There is a need to unlearn what previously made it successful. In investors point of view, it is the point between survival and thrival where we lose money or gain money. All of a sudden when people recognize it as a hot company and with GTM fit we can get projectable, repeatable and scalable growth.

Go to Market fit has three elements

Why buy now?

Blend the urgent pain with aspirations means the urgent pain faced by the sales rep to identify "why to buy now?" and the strategies involved in closing the deal.

Pick up model matching how a customer decides to buy

It is much easier when customers find you rather than investing in all outbound activity. So pick up a model that encourages your customer to buy the product, it can be Sales-led model, market-led or product lead.

Find and win the same customers- What’s the WoW?

This involves 4 steps. Firstly, lay out your customer journey; secondly, what you should "do & say" at each stage, particularly finding the "WoW's ", customer's excitement. The third step is to support the GTM playbook with collateral or product. The fourth step is GTM metrics- By establishing the above steps, the metrics come for free.
At this stage, the company growth starts accelerating and deals close in a predictable manner.

GTM 2.png

Stage 4: Accelerate to Category Leader

Now, having found the formula to succeed, all we need is to accelerate the growth. In general, category leaders are the unicorns, we have to find "Is the industry big enough to become a unicorn?” it’s no longer a feature and" who is the current leader?” This stage runs through a virtual cycle, faster customer acquisition, recognize as a category leader, raise money at a higher valuation, hire great employees and invest more aggressively.

Stage 5: Transcend from Category leader to Industry leader

It really hard to escape from the black hole of a category, many companies excel until this point. It’s now about the leaders focus on what worked in the past and what works in the future. The next challenge is role change where you need to unlearn what you know and start learning as new things. To help this change you require coaching and plan for the next stage in terms of building the right architecture to support the growth scale.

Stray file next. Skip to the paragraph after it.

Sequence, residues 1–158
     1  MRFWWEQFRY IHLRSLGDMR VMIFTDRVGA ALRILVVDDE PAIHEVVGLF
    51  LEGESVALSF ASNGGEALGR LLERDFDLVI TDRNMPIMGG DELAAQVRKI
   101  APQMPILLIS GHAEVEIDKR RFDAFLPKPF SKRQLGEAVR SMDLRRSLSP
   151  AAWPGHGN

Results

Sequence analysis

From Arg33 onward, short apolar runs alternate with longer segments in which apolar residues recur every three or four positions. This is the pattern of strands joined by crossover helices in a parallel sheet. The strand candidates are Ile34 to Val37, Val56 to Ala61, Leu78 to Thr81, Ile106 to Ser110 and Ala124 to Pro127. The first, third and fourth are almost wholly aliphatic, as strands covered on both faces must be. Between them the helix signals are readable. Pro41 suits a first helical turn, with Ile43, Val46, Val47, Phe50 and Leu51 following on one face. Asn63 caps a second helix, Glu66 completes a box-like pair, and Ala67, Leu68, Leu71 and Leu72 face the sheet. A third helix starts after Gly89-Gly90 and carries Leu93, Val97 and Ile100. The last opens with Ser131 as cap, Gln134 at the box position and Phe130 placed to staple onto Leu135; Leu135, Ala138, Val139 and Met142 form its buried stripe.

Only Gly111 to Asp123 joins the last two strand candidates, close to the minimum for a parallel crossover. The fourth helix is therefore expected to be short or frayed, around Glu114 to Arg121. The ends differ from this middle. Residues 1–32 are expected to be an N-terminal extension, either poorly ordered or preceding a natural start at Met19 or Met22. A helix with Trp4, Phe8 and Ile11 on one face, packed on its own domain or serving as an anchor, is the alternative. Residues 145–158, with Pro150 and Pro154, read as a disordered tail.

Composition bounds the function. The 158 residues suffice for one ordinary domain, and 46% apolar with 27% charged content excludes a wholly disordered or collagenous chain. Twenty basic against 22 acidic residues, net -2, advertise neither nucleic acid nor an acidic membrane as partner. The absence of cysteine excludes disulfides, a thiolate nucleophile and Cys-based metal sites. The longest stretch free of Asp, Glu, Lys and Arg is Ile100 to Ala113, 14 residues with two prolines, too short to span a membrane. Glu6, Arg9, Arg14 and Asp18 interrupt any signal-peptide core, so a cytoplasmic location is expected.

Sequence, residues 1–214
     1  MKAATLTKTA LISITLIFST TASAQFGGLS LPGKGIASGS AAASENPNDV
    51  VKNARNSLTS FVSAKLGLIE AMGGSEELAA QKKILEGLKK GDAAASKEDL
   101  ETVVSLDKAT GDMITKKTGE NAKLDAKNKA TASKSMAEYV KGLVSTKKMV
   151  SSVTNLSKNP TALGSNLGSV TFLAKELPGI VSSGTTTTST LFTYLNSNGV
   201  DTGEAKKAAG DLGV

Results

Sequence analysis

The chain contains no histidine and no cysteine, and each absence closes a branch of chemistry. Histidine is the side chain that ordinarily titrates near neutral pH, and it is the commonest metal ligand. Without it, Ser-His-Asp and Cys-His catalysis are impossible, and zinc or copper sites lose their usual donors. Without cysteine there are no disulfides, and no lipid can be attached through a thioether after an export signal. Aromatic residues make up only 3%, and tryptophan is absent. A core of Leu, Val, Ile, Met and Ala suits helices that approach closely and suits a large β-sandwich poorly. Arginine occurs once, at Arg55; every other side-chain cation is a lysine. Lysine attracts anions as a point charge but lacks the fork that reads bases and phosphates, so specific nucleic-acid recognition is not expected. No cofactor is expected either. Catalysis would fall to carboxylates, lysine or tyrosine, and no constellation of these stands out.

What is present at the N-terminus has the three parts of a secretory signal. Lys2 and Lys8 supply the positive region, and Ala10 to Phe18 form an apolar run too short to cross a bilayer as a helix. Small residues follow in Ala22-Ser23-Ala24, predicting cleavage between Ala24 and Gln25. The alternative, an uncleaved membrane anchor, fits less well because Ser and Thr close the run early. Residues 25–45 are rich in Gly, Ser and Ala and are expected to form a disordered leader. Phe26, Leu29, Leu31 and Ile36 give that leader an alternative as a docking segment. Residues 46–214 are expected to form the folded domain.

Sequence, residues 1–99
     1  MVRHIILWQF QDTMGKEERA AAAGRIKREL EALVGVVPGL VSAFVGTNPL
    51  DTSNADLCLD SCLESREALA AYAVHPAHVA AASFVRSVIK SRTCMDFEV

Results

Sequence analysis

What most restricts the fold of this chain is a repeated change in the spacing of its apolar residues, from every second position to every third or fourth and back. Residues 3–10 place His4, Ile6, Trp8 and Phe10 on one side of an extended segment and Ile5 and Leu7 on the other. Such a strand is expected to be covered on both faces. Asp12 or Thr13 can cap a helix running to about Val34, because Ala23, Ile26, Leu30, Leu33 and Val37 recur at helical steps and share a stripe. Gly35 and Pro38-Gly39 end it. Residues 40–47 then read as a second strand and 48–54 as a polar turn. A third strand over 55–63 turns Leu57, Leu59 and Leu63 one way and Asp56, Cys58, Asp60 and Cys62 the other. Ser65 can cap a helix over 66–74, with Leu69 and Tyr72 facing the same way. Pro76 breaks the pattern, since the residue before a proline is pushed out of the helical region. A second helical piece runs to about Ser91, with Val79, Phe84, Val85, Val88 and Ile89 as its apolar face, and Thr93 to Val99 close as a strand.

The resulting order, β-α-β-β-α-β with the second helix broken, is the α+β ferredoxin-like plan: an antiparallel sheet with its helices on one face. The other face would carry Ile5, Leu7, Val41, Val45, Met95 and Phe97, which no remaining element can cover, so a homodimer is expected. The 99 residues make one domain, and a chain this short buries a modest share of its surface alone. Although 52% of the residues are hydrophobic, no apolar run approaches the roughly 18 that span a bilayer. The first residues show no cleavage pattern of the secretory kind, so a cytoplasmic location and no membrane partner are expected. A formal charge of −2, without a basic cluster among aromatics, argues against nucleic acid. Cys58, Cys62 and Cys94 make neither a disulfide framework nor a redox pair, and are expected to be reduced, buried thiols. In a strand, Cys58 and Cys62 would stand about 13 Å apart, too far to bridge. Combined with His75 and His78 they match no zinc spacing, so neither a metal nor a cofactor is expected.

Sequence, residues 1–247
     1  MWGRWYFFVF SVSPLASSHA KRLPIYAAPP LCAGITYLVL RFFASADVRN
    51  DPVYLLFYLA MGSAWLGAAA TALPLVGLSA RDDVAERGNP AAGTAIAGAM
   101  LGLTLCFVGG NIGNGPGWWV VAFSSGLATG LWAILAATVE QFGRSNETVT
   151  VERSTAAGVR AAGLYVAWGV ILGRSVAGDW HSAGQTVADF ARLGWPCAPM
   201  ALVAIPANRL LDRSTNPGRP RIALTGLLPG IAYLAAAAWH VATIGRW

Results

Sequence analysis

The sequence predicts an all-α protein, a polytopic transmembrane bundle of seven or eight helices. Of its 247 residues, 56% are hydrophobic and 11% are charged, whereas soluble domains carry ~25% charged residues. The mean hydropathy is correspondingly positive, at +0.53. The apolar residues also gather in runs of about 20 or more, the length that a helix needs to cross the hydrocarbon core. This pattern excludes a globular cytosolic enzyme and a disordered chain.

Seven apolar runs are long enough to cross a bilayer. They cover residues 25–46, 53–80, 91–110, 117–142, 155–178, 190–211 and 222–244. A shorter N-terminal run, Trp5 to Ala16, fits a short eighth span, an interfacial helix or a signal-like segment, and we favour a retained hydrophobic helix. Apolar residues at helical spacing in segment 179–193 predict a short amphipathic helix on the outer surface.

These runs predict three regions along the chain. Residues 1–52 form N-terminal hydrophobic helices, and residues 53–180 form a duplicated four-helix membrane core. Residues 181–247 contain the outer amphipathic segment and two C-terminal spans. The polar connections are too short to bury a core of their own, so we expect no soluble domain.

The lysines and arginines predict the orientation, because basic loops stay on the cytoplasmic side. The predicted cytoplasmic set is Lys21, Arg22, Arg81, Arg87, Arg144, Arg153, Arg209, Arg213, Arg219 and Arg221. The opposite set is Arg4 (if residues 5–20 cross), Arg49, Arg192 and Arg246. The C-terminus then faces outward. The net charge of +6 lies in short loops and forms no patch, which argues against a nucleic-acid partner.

Summary of observations:

Observation 1

Successful startups are hard because they have to re-invent themselves four times and at each stage, it requires a different strategy and execution tactics different from the prior stage.

Observation 2

The key transition point is 'Go to Market Fit' and that also in the investor point of view is great as it is a transition between losing or gaining money.

Observation 3

And lastly is to help in role change for CTO, CEO or even a board member to unlearn the old role as the company progresses.

Being a founder can be lonely, but every startup goes through these stages, whether you are in Europe, Asia or Silicon Valley.

About Storm Ventures
Storm Ventures is a $600m (TAM) VC firm 100% focused solely on early-stage enterprise investments. The firm specializes in incubation, seed/startup, and early stage investments. It prefers to invest in telecommunication services, communications infrastructure, software, enterprise information technology, wireless technology, data centres, etc. It typically invests between $0.1 million and $5 million in its portfolio companies.